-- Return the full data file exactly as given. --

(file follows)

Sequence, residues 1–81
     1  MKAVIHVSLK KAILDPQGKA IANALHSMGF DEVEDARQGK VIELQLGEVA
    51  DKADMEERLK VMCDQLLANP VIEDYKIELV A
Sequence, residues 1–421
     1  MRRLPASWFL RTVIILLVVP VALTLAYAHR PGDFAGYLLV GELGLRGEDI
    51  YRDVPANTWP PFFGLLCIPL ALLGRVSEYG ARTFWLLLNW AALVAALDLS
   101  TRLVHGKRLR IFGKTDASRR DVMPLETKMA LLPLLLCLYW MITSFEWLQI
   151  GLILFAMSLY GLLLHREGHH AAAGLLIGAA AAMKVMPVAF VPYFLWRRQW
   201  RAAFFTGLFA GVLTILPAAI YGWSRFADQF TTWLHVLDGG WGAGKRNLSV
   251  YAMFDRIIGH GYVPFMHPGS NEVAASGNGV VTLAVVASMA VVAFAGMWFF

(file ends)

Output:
Sequence, residues 1–81
     1  MKAVIHVSLK KAILDPQGKA IANALHSMGF DEVEDARQGK VIELQLGEVA
    51  DKADMEERLK VMCDQLLANP VIEDYKIELV A
Sequence, residues 1–421
     1  MRRLPASWFL RTVIILLVVP VALTLAYAHR PGDFAGYLLV GELGLRGEDI
    51  YRDVPANTWP PFFGLLCIPL ALLGRVSEYG ARTFWLLLNW AALVAALDLS
   101  TRLVHGKRLR IFGKTDASRR DVMPLETKMA LLPLLLCLYW MITSFEWLQI
   151  GLILFAMSLY GLLLHREGHH AAAGLLIGAA AAMKVMPVAF VPYFLWRRQW
   201  RAAFFTGLFA GVLTILPAAI YGWSRFADQF TTWLHVLDGG WGAGKRNLSV
   251  YAMFDRIIGH GYVPFMHPGS NEVAASGNGV VTLAVVASMA VVAFAGMWFF